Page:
Simply playing something simple is often fun, so that’s what’s behind this shuffle Blues in G for mandolin. No chords required and just strumming two strings (forget the other two strings) and fret a few notes and you are playing some blues mandolin (quite an oxymoron, it would seem). Quite simple and very fun, in my humble opinion.
One on the most quinessential mexican mandolin tunes.
I’m still having fun playing my mandolin and as mentioned in the video, I was just playing around and accidentally came across this song. There may be other versions out there, so keep in mind that this is my version of La Cucaracha. As usual I’ll update my blog – binarygraphite.blogspot.com – with some info on this song. Also, please subscribe and check me out on Facebook (become a Fan!).
From the Fraser Performance studio at WGBH, Boston, 17-year-old mandolin player Gordon Neidinger from Pittsburgh, Pennsylvania joins Classical New England host Cathy Fuller to play the “Csardas” by Vittorio Monti. It’s a special “From The Top” edition of “Drive Time Live,” …a preview of Gordon’s upcoming appearance (show 245) on NPR’s “From the Top.” Airing Saturdays at 5 pm on www.classicalnewengland.org.
Here is something you don’t see often, a twin mandolin.
See the preview for the Manodolin King.
Cruz Quinal, “the mandolin king,” lives near Cumaná, Venezuela in a mountain valley surrounded by sugarcane fields. Perpetuating 16th century Spanish traditions of guitar-making, Cruz fashions such musical instruments as cuatros, marimba, escarpandola, and his own creation, a mandolin with two fretboards. He is an accomplished musician as well. In this moving portrait, Cruz compares himself to a decaying colonial church across the street: revered yet neglected, the village altar stands, paint peeling, under the open sky. a film by John Dickinson distributed by Documentary Educational Resources
If Frank Semola can play at 107 years old - how aobout you?
Frank began playing mandolin in 1912, at age seven. His passion for the mandolin lasted for a century. Frank played with the Munier Mandolin Orchestra for 40 years, and he played for countless social functions, on cruise ships, and in restaurants. This clip is from Munier’s 5/6/12 concert at St. Mark’s Church in Bristol, PA. Frank, who retired from Munier several years ago, attended the concert. When asked to play a few tunes, Frank gladly obliged. This was Frank’s final performance. He passed away on Wednesday, May 9, 2012. Frank had an infectious positive spirit and a zest for life and for music. He will be greatly missed.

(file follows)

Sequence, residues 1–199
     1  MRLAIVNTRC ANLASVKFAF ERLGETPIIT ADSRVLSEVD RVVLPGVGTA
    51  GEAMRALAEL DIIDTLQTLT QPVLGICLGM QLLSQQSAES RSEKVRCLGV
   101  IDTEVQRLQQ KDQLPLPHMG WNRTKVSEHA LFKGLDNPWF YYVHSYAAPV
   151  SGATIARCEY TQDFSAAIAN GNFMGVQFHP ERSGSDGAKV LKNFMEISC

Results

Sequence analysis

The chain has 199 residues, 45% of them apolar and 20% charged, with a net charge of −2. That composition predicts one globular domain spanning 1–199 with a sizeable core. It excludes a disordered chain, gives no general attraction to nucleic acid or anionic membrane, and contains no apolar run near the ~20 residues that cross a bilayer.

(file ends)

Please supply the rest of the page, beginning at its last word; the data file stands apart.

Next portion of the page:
Take a listen to this electric mandolin – you can hear the difference between the electric model and a regular acoustic model.
This is a video that’s a two-for. On the one hand, this is a new electric mandolin (an Epiphone Mandobird IV) given to me by my late uncle, Robert Thacker, who played a huge role in my taking up music. On the other hand, it’s a tune that’s been recorded many times before but was requested on mandolin by the user Guitar1201. Hope you don’t mind that’s it’s on an electric, buddy.
Here is Mark O’Connor doing one of his best pieces on the mandpolin.
One of Mark O’Connor’s mandolin signature pieces! “A Bowl of Bula” Mark O’Connor’s mandolin playing in this video from 1991 features the deft dexterity of both hands and powerfully loud strumming. O’Connor wrote this mandolin piece in 1984 while in Figi. To hear a group version of this song, link here to a 1987 video. www.youtube.com O’Connor became the World Mandolin Champion in Kerrville, TX as a teenager in 1982. Mark plays violin exclusively as of 1997, giving way to a bursitis and tendonitis condition in his right arm that would not allow him to play the mandolin or guitar any further at his top form. But the condition allows Mark’s violin bow arm technique to operate free from injury, with no hindrance. www.markoconnor.com http twitter.com www.facebook.com